Monday, July 18, 2011

100 Years Ago Tolls Were Discontinued on the Williamsburg Bridge

From DNA Info:
LOWER EAST SIDE — Demonstrators will turn back the clock on the Williamsburg Bridge Tuesday by constructing a replica toll booth to draw attention to the revenue lost by eliminating bridge tolls a century ago.

The throwback event, organized by the NYC Bridge Centennial Commission, will include a vintage-looking tollbooth at the corner of Delancey and Suffolk streets manned by a collector dressed in 100-year-old uniform, classic cars, and 1911 dimes for pedestrians and motorists to symbolically pay for their passage.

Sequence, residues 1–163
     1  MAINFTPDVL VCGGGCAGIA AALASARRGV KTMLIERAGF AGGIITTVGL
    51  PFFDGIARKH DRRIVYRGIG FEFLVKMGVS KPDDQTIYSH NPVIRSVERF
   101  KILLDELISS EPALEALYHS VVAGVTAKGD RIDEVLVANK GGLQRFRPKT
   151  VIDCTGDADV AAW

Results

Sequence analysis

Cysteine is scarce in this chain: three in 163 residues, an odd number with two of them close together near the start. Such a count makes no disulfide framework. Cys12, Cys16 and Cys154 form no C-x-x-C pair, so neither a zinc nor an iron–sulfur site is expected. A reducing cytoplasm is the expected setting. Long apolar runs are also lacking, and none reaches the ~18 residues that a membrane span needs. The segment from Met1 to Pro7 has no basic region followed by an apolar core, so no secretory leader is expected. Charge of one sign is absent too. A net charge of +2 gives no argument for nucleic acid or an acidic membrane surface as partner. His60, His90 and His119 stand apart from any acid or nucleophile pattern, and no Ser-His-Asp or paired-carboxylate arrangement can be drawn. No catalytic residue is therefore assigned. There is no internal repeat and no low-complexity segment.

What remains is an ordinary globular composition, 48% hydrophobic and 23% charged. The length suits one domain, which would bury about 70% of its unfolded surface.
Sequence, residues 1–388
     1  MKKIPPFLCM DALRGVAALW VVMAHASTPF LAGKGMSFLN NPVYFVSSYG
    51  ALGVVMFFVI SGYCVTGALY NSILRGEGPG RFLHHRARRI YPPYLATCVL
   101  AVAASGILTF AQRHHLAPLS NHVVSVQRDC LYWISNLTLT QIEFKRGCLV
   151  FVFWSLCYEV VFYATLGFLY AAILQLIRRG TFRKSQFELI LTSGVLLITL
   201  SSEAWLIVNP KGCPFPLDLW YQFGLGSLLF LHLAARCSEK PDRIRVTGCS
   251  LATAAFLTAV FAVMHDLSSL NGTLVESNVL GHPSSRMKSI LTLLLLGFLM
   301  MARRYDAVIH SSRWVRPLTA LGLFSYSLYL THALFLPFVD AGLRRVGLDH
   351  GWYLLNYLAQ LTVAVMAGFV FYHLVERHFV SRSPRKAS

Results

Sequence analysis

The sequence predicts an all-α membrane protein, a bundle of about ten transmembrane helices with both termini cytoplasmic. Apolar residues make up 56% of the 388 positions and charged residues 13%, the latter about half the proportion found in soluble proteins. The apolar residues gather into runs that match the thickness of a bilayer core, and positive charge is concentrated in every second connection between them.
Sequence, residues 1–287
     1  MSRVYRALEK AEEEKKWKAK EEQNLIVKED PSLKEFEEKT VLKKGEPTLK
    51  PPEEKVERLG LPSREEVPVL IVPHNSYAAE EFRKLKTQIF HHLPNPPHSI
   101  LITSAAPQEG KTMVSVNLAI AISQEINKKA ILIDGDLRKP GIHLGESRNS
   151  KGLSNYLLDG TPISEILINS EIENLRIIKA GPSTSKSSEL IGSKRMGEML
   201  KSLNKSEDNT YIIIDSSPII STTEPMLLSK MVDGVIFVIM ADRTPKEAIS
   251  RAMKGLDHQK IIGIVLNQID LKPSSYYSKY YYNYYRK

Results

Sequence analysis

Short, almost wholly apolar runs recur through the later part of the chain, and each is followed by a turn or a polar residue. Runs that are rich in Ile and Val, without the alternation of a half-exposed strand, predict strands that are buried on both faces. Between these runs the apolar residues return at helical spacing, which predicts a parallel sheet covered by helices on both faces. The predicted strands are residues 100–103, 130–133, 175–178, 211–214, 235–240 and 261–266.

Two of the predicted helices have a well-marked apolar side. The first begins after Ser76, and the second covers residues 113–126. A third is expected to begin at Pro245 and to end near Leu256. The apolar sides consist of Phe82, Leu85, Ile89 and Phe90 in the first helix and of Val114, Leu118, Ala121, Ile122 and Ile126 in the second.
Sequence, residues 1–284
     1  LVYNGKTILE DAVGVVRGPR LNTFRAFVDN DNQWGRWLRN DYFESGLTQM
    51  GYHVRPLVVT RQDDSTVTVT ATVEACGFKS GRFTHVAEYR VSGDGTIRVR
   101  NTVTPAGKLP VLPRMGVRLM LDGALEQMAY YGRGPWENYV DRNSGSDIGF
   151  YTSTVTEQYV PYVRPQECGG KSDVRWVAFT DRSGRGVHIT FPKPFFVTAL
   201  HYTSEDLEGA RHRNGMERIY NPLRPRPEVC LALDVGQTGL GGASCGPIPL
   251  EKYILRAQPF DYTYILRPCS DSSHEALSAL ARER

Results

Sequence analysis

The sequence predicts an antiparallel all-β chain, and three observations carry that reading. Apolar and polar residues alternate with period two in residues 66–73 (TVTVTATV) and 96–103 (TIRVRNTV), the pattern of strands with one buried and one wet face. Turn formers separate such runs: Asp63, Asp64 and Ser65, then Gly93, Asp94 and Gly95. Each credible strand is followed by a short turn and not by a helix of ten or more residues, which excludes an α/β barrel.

The action seeks to draw attention to the fact that the city could have theoretically raised about $31 billion at tollbooths over the past century that could have paid for transportation infrastructure projects, like the Second Avenue subway or direct rail access from Manhattan to the city’s airports.
The Williamsburg Bridge will get a mock tollbooth Tuesday in an effort to raise awareness for lost infrastructure costs. (Jill Colvin/DNAinfo)

The tolls on East River Bridges were discontinued on July 19, 1911, when they had been generating approximately $250,000 per year.

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I wish I had time to make it down there tomorrow.

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